Escaping the traditional Rails form

Theres been a pattern I’ve seen creeping in Rails apps. The pattern is that there are cases where someone needs to “escape” a form and provide a different action.

For example, lets save I have a form with both a delete button and a save button next to each other for something like a comment. Here’s what that may look like:

<form action="/comments" method="post">
  <label for="content">Content</label><br>
  <textarea id="content" name="comment[content]"></textarea>

Or if you’re using Rails, you may do something like this:

<%= form_with model: do |form| %>
  <%= form.label :content %>
  <%= form.textarea :content %>


  <%= form.submit "Save" %>
  <%= form.submit "Delete" %>
<% end %>

Now you might be thinking these 2 are equal. But they’re not. Under the hood form.submit creates an <input> tag and sets the value to "save" so it looks like this:

<!-- Generated by form.submit -->
<input type="submit" value="Save">
<input type="submit" value="Delete">

Now this is ok, but the problem is <input> doesn’t accept nested HTML tags. So you would need a button if you wanted to show an icon or something similar.

The other problem we’re presented with is if we want to go to a different route or use a different method, we may be tempted to use button_to, but this generates a full form wrapper and forms cannot be nested inside of other forms.

So let’s see how we could generate a button instead to get around these limitations. In addition, submit buttons are far more flexible than submit inputs.

To generate a submit button from a Rails form, instead of form.submit you can use form.button which of course I don’t see anywhere in the Rails documentation for form helpers, but the tag helper is here:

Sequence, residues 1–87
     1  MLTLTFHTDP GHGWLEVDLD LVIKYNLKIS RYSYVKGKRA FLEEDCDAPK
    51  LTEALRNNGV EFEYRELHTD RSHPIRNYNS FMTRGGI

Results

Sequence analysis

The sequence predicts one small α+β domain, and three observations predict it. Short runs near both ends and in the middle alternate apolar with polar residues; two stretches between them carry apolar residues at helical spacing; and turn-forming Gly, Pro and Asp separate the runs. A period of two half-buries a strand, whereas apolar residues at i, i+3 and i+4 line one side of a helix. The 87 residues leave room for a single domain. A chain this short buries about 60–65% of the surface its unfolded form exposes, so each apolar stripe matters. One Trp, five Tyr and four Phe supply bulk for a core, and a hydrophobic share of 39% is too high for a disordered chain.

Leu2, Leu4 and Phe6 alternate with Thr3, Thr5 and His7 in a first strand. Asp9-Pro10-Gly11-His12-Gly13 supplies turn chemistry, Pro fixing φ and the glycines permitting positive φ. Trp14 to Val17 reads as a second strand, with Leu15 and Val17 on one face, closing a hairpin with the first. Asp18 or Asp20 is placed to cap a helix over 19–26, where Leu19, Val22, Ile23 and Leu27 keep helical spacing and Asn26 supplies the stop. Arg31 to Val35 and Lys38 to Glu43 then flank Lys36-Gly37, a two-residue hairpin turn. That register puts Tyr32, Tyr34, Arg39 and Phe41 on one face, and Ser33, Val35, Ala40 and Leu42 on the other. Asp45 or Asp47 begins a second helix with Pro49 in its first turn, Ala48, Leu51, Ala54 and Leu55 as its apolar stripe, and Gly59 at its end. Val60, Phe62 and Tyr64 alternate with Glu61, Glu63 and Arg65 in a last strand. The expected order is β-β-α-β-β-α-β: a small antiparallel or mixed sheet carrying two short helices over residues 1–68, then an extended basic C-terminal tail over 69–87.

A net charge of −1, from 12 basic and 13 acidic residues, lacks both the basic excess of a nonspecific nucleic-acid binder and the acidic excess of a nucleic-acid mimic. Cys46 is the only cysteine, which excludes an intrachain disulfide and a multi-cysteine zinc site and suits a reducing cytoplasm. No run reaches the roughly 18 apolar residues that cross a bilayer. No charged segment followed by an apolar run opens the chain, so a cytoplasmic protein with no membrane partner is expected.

Moving on, lets see what it looks like at full speed:

<%= form_with model: @comment do |form| %>
  <%= form.label :content %>
  <%= form.textarea :content %>


  <%= form.button "Save", type: :submit %>
  <%= form.button "Delete", type: :submit %>
<% end %>

And that’s it! You now have a submit button. By default, Rails generates a <button type="default"> which technically isn’t an allowable type, so to be safe, I just pass in the real type. (Perhaps a PR for this should be made, but thats for another day.)

f.button has the added benefit of accepting a block unlike a f.submit so you could do something like this to show a “save icon” next to the save text.

<%= f.button type: :submit do %>
  <i class="fa-thin fa-floppy-disk"></i>
<% end %>

Good luck doing that with an <input>!

Escaping the form

Now if you’ve been following along this far, you may have noticed that theres no way to disambiguate the two buttons if they’re both going to the same route.

An easy way around this is to provide a name and value attribute to your buttons so they get submitted with the form and you can then on your backend do a params[] check to see what was submitted.

<%= form.button "Save", type: :submit, name: "commit_type", value: "save" %>

<%= form.button "Delete", type: :submit, name: "commit_type", value: "destroy" %>

Now, in your Rails controller you could do:

def update
  if params[:commit_type] == "save"
    # save it!
  elsif params[:commit_type] == "destroy"
    # get rid of it!